Greater Greater Washington

Transit


Million dollars no more: What's in and what's out of Arlington's redesigned Columbia Pike bus stations

Arlington has redesigned and value-engineered a series of transit stations proposed along Columbia Pike, after the original prototype drew criticism for costing a lot and not adequately keeping out the weather. The new design is both less expensive and more effective.


The new design. All images from Arlington County.

Controversy and review

Last year Arlington unveiled the first of a planned series of "super-stop" bus stations along Columbia Pike, near the intersection with Walter Reed Drive. The prototype cost nearly one million dollars, outraging many in the community who felt it extravagantly expensive for "just a bus stop."

But that wasn't the only criticism. The prototype's angled roof and undersized rear and side panels don't offer much protection against the elements.

Arlington heard the outrage and suspended further construction to review the design. The review came out last week, and proposes a new design that's significantly cheaper, but also better in a number of ways.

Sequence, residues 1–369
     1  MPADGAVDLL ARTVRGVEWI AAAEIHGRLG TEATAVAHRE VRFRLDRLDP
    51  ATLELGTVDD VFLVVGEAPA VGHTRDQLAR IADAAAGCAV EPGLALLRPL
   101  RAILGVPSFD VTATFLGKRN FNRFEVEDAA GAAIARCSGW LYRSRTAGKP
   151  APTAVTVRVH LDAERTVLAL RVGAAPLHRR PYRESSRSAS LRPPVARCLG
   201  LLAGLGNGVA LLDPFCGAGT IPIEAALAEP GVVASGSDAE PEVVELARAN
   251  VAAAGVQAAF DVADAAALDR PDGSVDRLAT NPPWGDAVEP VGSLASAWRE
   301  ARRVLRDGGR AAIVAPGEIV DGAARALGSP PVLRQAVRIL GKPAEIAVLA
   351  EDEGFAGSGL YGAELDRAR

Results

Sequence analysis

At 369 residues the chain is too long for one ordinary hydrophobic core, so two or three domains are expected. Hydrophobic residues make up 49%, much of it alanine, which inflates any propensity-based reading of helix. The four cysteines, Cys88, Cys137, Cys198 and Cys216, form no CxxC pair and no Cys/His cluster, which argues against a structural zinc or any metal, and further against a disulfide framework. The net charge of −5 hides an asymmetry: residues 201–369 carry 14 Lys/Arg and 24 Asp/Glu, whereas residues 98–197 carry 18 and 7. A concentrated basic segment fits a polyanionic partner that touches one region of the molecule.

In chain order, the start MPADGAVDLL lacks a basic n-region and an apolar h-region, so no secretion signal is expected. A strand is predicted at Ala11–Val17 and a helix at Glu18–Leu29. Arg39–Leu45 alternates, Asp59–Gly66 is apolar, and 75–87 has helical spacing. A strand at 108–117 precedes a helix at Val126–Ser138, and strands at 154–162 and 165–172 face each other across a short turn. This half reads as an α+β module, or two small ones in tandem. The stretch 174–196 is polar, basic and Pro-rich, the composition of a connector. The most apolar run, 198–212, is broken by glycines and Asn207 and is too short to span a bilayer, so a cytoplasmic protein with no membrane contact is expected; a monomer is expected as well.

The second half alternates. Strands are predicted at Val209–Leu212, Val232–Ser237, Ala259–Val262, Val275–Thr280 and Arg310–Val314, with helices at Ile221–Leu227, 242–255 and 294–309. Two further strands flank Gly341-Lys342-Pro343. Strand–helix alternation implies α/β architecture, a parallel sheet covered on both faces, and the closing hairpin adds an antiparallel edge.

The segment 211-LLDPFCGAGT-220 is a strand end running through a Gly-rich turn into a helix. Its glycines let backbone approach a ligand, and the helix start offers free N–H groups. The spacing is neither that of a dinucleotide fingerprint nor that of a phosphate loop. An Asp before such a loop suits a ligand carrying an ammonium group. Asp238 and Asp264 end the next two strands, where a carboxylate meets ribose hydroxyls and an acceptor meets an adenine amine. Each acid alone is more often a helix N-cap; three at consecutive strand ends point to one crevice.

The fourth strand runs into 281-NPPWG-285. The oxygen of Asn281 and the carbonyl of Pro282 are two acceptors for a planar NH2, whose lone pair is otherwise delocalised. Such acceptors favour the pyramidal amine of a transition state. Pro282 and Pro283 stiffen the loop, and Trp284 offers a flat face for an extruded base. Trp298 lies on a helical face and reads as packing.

The new design


Elevation (top) and plan view (bottom) of the new design.

Like the prototype, the new design includes a large glass canopy and glass walls, seating, displays with real-time arrival information, and platform-like curbs.

Unlike the prototype, the canopy is a simple boxy shape that's cheaper and easier to manufacture, more flexible to multiple configurations, and better at keeping out rain and snow. The roof is lower and slopes more gently, meaning rain will have to be falling nearly sideways to get in from the front.

From the back, the rear panels extend higher, closer to the roof. They leave a much smaller gap between the wall and roof, adequate for air circulation but much less prone to let in rain or snow.

Likewise, the side panels are more carefully placed, boxing in the waiting area more effectively.


The new design, showing more effective side panels

The new design eliminates one of the most controversial elements from the prototype, an underground heating system that melts snow and ice. But with this improved canopy and wall layout, fewer elements will get into the station in the first place.

Another major improvement is that real time information will come in multiple ways: On a large main display to one side, and also on displays hung from the roof. The hanging displays will be easier for waiting passengers to see from afar.

And all of this comes via a relatively inexpensive standardized tool kit.